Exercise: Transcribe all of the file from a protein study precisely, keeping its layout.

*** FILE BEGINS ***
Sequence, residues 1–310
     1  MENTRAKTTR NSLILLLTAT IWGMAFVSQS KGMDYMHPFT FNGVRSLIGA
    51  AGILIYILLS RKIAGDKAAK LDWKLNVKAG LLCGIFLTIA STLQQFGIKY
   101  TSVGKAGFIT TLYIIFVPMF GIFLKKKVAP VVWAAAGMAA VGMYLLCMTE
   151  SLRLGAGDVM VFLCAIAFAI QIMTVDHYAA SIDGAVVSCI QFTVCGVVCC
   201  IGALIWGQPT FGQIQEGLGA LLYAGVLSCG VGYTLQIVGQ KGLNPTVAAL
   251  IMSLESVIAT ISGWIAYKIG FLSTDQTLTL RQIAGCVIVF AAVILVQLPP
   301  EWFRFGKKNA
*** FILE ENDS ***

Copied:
Sequence, residues 1–310
     1  MENTRAKTTR NSLILLLTAT IWGMAFVSQS KGMDYMHPFT FNGVRSLIGA
    51  AGILIYILLS RKIAGDKAAK LDWKLNVKAG LLCGIFLTIA STLQQFGIKY
   101  TSVGKAGFIT TLYIIFVPMF GIFLKKKVAP VVWAAAGMAA VGMYLLCMTE
   151  SLRLGAGDVM VFLCAIAFAI QIMTVDHYAA SIDGAVVSCI QFTVCGVVCC
   201  IGALIWGQPT FGQIQEGLGA LLYAGVLSCG VGYTLQIVGQ KGLNPTVAAL
   251  IMSLESVIAT ISGWIAYKIG FLSTDQTLTL RQIAGCVIVF AAVILVQLPP
   301  EWFRFGKKNA